I Maccabees 6:49-53 talks about a siege in which the Jews were short of food because of shmita.
According to the website IsraelDailyPicture, (which presents historical photos of Israel with explanations) those are memorial notices. Two such pictures can be seen here, and the text (names in the form X ben Y) is readable in at least one. Further, in this post from the same site, it says, "The darkness of the writing suggests that it was written ...
Mishnah, Nida 58b-- מעשה באשה אחת שבאת לפני ר"ע אמרה לו ראיתי כתם אמר לה שמא מכה היתה ביך אמרה לו הן וחיתה אמר לה שמא יכולה להגלע ולהוציא דם אמרה לו הן וטהרה ר"ע ראה תלמידיו מסתכלין זה בזה אמר להם מה הדבר קשה בעיניכם שלא אמרו חכמים הדבר להחמיר אלא להקל שנאמר (ויקרא טו) ואשה כי תהיה זבה דם יהיה זובה בבשרה דם ולא כתם
I don't remember where I saw the exact quote, but the Radzyminer Rebbe hy"d (see https://kupathrabbimeir.org/kramban/kp/kpymb_files/radzimin.htm ) is said to have worked toward the establishment of the Kosel women's section. He died in 1934. So that implies that access for women was restricted prior to that.
There are a number of works about Acher, from the historical-fiction to the scholarly and Hebrew. In addition to the books I mentioned in the comments above, various books by Robert Chazan discuss the medieval figures you mention.
There is a new book that is quite well written especially for a former Skver Chossid. It is his own memoir of his journey to apostasy but you might find it useful. All Who Go Do Not Return by Shulem Deen.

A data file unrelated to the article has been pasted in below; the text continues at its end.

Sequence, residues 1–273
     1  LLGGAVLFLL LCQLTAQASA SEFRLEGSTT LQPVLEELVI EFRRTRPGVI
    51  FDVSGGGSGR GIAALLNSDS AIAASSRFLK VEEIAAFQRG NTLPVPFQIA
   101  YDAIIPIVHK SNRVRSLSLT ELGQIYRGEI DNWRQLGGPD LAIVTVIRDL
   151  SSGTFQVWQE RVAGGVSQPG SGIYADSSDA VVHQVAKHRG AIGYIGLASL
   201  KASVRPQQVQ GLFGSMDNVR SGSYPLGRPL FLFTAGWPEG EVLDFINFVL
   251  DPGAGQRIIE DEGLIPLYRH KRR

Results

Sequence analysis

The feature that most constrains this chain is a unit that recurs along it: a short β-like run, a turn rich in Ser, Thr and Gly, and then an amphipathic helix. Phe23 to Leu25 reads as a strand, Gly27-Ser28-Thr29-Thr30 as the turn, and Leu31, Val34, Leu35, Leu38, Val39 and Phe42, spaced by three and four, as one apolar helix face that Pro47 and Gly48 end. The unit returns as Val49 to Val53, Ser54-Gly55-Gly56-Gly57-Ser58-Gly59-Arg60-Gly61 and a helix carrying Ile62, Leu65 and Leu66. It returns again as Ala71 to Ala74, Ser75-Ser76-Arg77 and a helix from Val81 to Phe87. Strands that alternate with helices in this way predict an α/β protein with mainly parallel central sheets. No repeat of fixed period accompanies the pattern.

SimpleToRemember.com has a mesorah chain that goes up through the RaM"A. From Rashi to the RaM"A looks like this: Rav Shlomo Yitzchaki - ‘“Rashi’” (1105) R’ Shmuel ben Meir (Rashbam) (1174) R’ Yaakov ben Meir (Rabbenu Tam) (1171) Eliezer Me-Metz (1175) Rokeach (1238) R’ Yitzchak of Vienna (Ohr Zaruah) Rav Meir of Rothenberg ...
According to Hebrew Wikipedia he received Semicha from the Chacham Tzvi. קיבל סמיכה מאת החכם צבי Still following the trail at Hebrew WP, he, in turn, learned from his grandfather, R' Ephraim Hakohen (אפרים הכהן), author of the commentary Machaneh Ephraim on the Torah. He, in turn, learned from R' Moshe Lima (משה לימא), author of the commentary ...
Pirkei Avot 5:5: עֲשָׂרָה נִסִּים נַעֲשׂו לַאֲבוֹתֵינוּ בְּבֵית הַמִּקְדָּשׁ... וְלֹא אָמַר אָדָם לַחֲבֵרוֹ צַר לִי הַמָּקוֹם שֶׁאָלִין בִּירוּשָׁלַיִם: Ten miracles were performed for our forefathers in the Temple: (10) A person never said to his fellow, 'It is too crowded for me to sleep overnight in Jerusalem.' Thus, there was room to house all the ...
See the Mishna in Chagigah (Perek 1 - Chapter 1) : פרק א - משנה א הַכֹּל חַיָּבִין בָּרְאִיָּה, חוּץ מֵחֵרֵשׁ, שׁוֹטֶה וְקָטָן, וְטֻמְטוּם, וְאַנְדְּרוֹגִינוֹס, וְנָשִׁים, וַעֲבָדִים שֶׁאֵינָם מְשֻׁחְרָרִים, הַחִגֵּר, וְהַסּוּמָא, וְהַחוֹלֶה, וְהַזָּקֵן, וּמִי שֶׁאֵינוֹ יָכוֹל לַעֲלוֹת בְּרַגְלָיו. אֵיזֶהוּ קָטָן, כֹּל שֶׁאֵינוֹ יָכוֹל לִרְכּוֹב ...
This is pretty common in old* Siddurim. You can see omitting just ועל בריתך שחתמת בבשרינו on Hebrewbooks here here here here and here and on Hebrewmanuscripts.org manuscript #747. You can see omitting that phrase plus ועל תורתך שלימדתנו on Hebrewbooks here and on Hebrewmanuscripts.org manuscript #1762. This siddur is not clear how much exactly to omit. ...
The Italian nusach Bnei Roma omits ועל בריתך שחסמת בבשרנו for women.
The Sefer Hachinuch (13th cent.) seems to refer to students of Jewish mysticism as "the mekubalim" (mitava 98): משרשי המצוה. שצונו השם יתברך להיות נר דולק בבית המקדש להגדלת הבית לכבוד ולתפארת בעיני הרואים, כי כן דרך בני איש להתכבד בבתיהם בנרות דולקים, וכל ענין ההגדלה בו כדי שיכניס האדם בלבו כשיראהו מורא וענוה. וכבר אמרנו (במצוה טז) כי במעשה הטוב תכשר ...